Objective: To explore the effect of various adverse hospital events on short- and long-term outcomes in a cohort of acutely ill hospitalized patients.
Patients and methods: In a secondary analysis of a retrospective cohort of acutely ill hospitalized patients with sepsis, shock, or pneumonia or undergoing high-risk surgery who were at risk for or had developed acute respiratory distress syndrome between 2001 and 2010, the effects of potentially preventable hospital exposures and adverse events (AEs) on in-hospital and intensive care unit (ICU) mortality, length of stay, and long-term survival were analyzed. Adverse effects chosen for inclusion were inadequate empiric antimicrobial coverage, hospital-acquired aspiration, medical or surgical misadventure, inappropriate blood product transfusion, and injurious tidal volume while on mechanical ventilation.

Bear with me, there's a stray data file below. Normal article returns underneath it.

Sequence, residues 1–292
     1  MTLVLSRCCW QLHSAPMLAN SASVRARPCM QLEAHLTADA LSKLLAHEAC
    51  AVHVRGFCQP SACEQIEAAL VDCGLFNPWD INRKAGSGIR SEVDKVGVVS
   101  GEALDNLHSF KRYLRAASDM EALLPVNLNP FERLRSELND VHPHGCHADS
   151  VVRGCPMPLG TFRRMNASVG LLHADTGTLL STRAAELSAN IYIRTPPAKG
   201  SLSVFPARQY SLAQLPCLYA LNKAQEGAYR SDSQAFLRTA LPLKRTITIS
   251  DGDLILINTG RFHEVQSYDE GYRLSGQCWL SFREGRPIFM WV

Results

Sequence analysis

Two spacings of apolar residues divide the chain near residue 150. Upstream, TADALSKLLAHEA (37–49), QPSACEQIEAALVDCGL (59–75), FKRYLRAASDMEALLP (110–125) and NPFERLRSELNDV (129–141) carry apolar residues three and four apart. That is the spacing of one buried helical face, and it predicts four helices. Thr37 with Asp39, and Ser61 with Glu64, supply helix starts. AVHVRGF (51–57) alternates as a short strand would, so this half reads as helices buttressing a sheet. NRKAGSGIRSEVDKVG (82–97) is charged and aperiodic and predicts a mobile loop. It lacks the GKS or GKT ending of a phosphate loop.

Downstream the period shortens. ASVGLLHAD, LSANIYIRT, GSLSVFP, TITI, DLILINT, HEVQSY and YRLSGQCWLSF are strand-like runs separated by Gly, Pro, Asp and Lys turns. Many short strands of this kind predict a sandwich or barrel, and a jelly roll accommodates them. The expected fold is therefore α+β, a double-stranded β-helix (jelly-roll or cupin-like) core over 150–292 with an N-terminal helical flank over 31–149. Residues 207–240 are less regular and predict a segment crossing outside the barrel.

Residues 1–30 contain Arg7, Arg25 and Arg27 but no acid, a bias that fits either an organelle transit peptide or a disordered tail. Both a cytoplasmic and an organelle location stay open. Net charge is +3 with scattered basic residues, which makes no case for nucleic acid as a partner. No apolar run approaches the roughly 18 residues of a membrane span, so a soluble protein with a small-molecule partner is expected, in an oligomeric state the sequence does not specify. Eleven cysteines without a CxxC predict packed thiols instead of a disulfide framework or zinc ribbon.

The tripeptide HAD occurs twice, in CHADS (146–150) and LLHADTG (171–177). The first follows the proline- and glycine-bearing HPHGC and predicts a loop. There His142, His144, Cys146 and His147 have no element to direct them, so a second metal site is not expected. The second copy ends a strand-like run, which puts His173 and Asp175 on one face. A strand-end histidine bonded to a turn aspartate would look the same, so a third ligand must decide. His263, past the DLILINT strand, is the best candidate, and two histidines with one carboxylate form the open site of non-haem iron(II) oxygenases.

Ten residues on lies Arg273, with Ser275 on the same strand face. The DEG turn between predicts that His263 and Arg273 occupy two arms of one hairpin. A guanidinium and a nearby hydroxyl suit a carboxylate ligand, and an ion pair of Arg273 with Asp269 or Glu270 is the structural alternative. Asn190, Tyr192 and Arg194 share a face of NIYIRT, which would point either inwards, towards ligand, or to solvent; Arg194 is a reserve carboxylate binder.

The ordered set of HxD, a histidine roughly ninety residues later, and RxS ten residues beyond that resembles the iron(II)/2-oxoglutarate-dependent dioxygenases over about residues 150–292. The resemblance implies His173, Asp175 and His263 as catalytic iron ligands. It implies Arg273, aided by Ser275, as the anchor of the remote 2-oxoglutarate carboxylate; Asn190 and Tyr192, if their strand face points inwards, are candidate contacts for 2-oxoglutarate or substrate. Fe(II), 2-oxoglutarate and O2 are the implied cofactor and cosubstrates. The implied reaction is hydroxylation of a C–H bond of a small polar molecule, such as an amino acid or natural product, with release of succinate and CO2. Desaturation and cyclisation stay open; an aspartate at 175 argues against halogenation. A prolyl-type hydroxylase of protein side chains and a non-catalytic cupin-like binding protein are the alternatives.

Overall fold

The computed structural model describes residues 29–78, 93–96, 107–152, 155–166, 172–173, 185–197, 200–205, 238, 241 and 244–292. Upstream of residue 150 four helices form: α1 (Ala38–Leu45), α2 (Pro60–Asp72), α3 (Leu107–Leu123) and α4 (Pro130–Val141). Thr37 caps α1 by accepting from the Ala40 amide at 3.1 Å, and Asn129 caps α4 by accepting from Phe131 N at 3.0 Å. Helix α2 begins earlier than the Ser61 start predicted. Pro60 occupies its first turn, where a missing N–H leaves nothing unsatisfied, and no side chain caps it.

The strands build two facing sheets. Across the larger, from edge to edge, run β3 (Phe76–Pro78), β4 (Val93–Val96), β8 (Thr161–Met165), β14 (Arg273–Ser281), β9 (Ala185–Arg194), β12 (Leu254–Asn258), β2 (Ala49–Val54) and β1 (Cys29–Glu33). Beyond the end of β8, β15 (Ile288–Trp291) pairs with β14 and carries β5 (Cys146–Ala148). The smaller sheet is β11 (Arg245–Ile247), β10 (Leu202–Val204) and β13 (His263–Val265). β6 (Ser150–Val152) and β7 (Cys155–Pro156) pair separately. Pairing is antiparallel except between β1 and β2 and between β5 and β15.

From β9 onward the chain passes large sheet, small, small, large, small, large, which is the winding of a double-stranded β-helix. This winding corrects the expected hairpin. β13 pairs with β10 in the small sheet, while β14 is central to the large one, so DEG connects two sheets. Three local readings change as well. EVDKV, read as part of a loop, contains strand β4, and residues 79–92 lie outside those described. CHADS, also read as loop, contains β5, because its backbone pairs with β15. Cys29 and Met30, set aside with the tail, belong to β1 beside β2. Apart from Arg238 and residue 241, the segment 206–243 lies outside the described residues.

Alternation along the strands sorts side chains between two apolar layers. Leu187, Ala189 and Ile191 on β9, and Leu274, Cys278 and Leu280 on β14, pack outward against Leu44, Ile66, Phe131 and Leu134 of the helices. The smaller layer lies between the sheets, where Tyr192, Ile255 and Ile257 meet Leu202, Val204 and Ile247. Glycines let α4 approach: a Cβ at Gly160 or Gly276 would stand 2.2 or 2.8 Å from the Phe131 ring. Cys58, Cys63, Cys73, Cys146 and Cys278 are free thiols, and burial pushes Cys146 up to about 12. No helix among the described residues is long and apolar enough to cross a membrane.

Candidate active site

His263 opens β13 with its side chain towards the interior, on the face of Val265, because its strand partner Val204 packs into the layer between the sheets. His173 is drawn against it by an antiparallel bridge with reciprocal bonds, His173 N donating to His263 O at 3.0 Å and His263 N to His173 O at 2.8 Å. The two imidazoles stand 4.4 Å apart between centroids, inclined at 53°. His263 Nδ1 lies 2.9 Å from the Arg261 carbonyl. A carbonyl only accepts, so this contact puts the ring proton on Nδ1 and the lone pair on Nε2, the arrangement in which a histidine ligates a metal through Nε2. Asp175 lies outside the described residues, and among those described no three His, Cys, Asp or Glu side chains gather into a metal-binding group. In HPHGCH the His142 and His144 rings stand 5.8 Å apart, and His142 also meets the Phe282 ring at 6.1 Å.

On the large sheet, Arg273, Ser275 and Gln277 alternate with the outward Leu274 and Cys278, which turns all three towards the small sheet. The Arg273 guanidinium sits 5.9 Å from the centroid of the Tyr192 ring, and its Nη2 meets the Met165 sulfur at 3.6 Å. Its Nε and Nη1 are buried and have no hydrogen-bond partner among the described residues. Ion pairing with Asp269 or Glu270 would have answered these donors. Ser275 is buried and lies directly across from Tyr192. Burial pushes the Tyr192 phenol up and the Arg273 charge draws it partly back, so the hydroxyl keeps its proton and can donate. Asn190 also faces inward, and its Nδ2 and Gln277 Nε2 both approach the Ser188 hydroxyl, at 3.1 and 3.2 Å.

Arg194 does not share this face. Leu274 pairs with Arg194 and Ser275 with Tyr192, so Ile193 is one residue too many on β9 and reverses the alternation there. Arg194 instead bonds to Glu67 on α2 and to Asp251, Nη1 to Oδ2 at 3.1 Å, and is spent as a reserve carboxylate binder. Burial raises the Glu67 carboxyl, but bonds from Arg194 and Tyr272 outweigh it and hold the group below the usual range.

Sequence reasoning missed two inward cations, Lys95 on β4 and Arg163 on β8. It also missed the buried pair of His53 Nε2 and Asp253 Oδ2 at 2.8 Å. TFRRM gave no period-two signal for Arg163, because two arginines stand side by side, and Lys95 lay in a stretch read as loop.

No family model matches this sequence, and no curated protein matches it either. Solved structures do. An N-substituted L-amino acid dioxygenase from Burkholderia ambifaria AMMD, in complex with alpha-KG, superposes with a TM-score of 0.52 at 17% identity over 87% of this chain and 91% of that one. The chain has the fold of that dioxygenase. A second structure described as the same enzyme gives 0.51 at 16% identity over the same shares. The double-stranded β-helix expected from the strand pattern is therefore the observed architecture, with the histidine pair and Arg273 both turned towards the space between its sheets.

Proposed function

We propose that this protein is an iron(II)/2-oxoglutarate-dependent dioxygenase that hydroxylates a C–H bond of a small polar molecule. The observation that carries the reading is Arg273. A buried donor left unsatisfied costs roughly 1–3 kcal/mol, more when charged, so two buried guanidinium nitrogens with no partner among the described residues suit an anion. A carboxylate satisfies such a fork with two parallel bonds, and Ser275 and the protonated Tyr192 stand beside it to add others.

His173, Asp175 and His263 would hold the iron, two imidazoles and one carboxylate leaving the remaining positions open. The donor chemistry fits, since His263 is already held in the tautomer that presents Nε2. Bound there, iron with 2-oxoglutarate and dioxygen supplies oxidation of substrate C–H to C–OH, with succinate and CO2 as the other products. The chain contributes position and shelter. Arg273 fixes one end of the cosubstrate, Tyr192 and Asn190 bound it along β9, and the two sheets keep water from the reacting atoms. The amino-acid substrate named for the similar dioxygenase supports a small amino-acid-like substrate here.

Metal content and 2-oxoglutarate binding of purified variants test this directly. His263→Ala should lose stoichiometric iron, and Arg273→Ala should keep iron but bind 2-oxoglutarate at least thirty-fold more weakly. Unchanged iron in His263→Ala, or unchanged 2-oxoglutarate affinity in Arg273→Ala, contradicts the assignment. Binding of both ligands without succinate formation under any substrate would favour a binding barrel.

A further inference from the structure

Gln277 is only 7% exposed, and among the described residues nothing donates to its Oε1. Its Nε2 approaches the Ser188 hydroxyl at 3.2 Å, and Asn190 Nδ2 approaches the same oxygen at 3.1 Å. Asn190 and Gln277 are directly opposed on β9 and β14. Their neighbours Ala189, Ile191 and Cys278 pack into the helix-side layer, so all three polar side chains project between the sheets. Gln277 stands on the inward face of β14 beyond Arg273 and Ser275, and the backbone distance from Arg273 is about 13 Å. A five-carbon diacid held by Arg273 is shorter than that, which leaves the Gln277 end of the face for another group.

Results: In 828 patients analyzed, the distribution of 0, 1, 2, and 3 or more cumulative AEs was 521 (63%), 126 (15%), 135 (16%), and 46 (6%) patients, respectively. The adjusted odds ratios (95% CI) for in-hospital mortality in patients who had 1, 2, and 3 or more AEs were 0.9 (0.5-1.7), 0.9 (0.5-1.6), and 1.4 (0.6-3.3), respectively. One AE increased the length of stay, difference between means (95% CI), in the hospital by 8.7 (3.8-13.7) days and in the ICU by 2.4 (0.6-4.2) days.
Conclusion: Potentially preventable hospital exposure to AEs is associated with prolonged ICU and hospital lengths of stay. Implementation of effective patient safety interventions is of utmost priority in acute care hospitals.
Copyright © 2015 Mayo Foundation for Medical Education and Research. Published by Elsevier Inc. All rights reserved.